Antho. Say to me, whose Fortunes shall rise higher Caesars or mine? Sooth. Caesars. Therefore (oh Anthony) stay not by his side Thy Daemon that thy spirit which keepes thee, is Noble, Couragious, high vnmatchable, Where Caesars is not. But neere him, thy Angell Becomes a feare: as being o're-powr'd, therefore Make space enough betweene you

Anth. Speake this no more

Sooth. To none but thee no more but: when to thee, If thou dost play with him at any game, Thou art sure to loose: And of that Naturall lucke, He beats thee 'gainst the oddes. Thy Luster thickens, When he shines by: I say againe, thy spirit Is all affraid to gouerne thee neere him: But he alway 'tis Noble

Anth. Get thee gone: Say to Ventigius I would speake with him. Enter.

He shall to Parthia, be it Art or hap, He hath spoken true. The very Dice obey him, And in our sports my better cunning faints, Vnder his chance, if we draw lots he speeds, His Cocks do winne the Battaile, still of mine, When it is all to naught: and his Quailes euer Beate mine (in hoopt) at odd's. I will to Egypte: And though I make this marriage for my peace, I'th' East my pleasure lies. Oh come Ventigius.

Enter Ventigius.

You must to Parthia, your Commissions ready: Follow me, and reciue't.


Enter Lepidus, Mecenas and Agrippa.

Lepidus. Trouble your selues no further: pray you hasten your Generals after

Agr. Sir, Marke Anthony, will e'ne but kisse Octauia, and weele follow

Lepi. Till I shall see you in your Souldiers dresse, Which will become you both: Farewell

Mece. We shall: as I conceiue the iourney, be at Mount before you Lepidus

Lepi. Your way is shorter, my purposes do draw me much about, you'le win two dayes vpon me

Both. Sir good successe

Lepi. Farewell.


Enter Cleopater, Charmian, Iras, and Alexas.

Cleo. Giue me some Musicke: Musicke, moody foode of vs that trade in Loue

Omnes. The Musicke, hoa. Enter Mardian the Eunuch.

Cleo. Let it alone, let's to Billiards: come Charmian

Char. My arme is sore, best play with Mardian

Cleopa. As well a woman with an Eunuch plaide, as with a woman. Come you'le play with me Sir? Mardi. As well as I can Madam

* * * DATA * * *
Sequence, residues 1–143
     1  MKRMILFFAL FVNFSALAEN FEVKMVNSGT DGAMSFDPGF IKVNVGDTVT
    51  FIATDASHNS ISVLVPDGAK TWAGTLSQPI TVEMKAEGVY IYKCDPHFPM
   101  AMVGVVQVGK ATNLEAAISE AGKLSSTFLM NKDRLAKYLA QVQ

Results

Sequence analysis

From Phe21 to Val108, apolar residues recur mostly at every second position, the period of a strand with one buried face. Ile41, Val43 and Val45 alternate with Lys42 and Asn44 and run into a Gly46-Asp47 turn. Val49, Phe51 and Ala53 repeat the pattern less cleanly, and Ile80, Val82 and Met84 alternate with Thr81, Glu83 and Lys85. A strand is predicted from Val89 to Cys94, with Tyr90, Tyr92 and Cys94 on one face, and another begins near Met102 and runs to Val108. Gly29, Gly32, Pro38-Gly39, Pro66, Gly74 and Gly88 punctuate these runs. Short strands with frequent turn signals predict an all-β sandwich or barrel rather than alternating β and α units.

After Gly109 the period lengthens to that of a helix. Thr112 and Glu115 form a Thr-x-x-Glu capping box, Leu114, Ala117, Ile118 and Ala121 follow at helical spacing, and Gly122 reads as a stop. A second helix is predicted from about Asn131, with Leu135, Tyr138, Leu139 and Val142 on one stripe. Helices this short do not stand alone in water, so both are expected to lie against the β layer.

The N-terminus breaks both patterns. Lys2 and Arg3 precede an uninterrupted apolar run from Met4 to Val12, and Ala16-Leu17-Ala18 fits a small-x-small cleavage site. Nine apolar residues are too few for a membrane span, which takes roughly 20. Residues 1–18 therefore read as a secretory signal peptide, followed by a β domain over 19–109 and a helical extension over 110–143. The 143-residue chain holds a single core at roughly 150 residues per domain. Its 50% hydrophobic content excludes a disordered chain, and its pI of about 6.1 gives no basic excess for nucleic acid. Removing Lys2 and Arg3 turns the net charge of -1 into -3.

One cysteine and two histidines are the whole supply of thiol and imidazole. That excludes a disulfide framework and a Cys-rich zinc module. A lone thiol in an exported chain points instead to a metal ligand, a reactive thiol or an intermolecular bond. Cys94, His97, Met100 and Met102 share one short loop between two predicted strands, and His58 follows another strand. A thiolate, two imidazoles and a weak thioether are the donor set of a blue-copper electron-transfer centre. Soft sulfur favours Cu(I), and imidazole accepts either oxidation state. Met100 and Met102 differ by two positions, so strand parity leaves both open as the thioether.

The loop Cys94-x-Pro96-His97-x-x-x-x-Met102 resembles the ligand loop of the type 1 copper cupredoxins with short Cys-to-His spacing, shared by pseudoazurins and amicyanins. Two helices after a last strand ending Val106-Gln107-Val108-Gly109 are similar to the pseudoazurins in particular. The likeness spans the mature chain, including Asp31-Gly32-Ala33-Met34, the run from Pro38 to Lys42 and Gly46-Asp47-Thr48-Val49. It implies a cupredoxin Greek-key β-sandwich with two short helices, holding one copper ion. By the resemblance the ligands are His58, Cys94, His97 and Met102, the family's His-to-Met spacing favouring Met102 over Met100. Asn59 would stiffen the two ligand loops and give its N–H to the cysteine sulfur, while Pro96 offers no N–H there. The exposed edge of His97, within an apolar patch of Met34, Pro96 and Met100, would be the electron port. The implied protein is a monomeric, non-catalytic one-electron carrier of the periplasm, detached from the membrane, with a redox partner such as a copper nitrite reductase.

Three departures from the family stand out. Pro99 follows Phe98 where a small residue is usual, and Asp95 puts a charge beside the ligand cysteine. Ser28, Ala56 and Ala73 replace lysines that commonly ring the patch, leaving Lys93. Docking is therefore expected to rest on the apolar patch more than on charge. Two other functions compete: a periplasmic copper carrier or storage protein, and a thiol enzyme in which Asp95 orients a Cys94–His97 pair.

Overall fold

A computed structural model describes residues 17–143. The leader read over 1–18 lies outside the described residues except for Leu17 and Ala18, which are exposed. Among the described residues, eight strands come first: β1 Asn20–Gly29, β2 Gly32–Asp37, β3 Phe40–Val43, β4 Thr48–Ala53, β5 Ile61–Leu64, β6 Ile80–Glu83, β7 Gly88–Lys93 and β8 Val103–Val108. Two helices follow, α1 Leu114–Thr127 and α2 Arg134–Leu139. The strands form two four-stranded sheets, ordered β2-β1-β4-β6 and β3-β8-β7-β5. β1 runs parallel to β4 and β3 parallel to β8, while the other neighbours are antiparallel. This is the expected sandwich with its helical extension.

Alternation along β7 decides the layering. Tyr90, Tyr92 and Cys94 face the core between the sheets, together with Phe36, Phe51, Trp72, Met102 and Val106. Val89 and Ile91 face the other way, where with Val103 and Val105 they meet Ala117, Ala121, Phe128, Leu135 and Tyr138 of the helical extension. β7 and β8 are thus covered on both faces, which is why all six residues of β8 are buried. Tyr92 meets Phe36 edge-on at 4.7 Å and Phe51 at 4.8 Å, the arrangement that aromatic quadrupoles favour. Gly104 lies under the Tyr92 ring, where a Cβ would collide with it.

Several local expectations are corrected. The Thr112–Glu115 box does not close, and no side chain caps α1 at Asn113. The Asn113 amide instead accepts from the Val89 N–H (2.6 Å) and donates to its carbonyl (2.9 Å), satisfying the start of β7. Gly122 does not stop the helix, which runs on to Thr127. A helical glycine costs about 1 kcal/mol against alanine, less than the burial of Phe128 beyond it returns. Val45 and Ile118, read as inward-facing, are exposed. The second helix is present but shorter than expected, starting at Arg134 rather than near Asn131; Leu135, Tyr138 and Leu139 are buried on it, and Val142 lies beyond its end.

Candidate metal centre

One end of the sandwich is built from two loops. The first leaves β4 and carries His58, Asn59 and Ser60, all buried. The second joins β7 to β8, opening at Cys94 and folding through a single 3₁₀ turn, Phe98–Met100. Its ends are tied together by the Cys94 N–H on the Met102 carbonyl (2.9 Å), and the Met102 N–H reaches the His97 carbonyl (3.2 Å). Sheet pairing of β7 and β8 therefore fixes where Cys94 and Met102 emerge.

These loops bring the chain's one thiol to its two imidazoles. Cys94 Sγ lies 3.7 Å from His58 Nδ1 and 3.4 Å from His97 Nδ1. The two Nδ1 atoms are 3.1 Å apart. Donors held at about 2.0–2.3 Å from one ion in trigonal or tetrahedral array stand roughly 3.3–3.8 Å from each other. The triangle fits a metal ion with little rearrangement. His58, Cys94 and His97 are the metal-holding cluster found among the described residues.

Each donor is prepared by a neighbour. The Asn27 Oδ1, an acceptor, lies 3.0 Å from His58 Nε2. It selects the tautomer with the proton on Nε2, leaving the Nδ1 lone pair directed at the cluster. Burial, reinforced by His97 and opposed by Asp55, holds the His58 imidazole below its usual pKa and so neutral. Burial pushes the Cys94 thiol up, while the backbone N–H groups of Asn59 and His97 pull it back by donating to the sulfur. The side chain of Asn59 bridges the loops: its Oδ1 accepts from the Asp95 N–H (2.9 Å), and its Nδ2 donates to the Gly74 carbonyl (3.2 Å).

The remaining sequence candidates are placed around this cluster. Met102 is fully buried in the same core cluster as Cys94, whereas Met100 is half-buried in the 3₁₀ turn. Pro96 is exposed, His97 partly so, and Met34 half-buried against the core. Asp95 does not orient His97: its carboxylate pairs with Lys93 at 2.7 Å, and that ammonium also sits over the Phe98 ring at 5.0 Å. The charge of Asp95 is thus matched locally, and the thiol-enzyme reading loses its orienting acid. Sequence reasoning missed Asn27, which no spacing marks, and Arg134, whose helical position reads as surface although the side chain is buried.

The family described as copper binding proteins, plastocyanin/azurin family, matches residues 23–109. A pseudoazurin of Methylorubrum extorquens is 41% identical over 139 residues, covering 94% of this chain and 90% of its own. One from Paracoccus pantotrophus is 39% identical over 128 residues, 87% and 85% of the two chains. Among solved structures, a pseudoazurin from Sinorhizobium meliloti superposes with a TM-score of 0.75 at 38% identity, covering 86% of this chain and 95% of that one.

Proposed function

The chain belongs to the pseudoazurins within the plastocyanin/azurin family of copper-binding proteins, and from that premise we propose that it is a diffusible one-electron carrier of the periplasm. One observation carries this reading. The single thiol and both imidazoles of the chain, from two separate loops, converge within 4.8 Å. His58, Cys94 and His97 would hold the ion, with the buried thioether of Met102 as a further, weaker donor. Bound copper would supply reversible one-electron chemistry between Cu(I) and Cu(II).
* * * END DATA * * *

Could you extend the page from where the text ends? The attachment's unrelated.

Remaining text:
Cleo. And when good will is shewed, Though't come to short The Actor may pleade pardon. Ile none now, Giue me mine Angle, weele to'th' Riuer there My Musicke playing farre off. I will betray Tawny fine fishes, my bended hooke shall pierce Their slimy iawes: and as I draw them vp, Ile thinke them euery one an Anthony, And say, ah ha; y'are caught

Char. 'Twas merry when you wager'd on your Angling, when your diuer did hang a salt fish on his hooke which he with feruencie drew vp

Cleo. That time? Oh times: I laught him out of patience: and that night I laught him into patience, and next morne, Ere the ninth houre, I drunke him to his bed: Then put my Tires and Mantles on him, whilst I wore his Sword Phillippan. Oh from Italie, Enter a Messenger.

Ramme thou thy fruitefull tidings in mine eares, That long time haue bin barren

Mes. Madam, Madam

Cleo. Anthonyo's dead. If thou say so Villaine, thou kil'st thy Mistris: But well and free, if thou so yeild him. There is Gold, and heere My blewest vaines to kisse: a hand that Kings Haue lipt, and trembled kissing

Mes. First Madam, he is well

Cleo. Why there's more Gold. But sirrah marke, we vse To say, the dead are well: bring it to that, The Gold I giue thee, will I melt and powr Downe thy ill vttering throate

Mes. Good Madam heare me

William Shakespeare
Classic Literature Library

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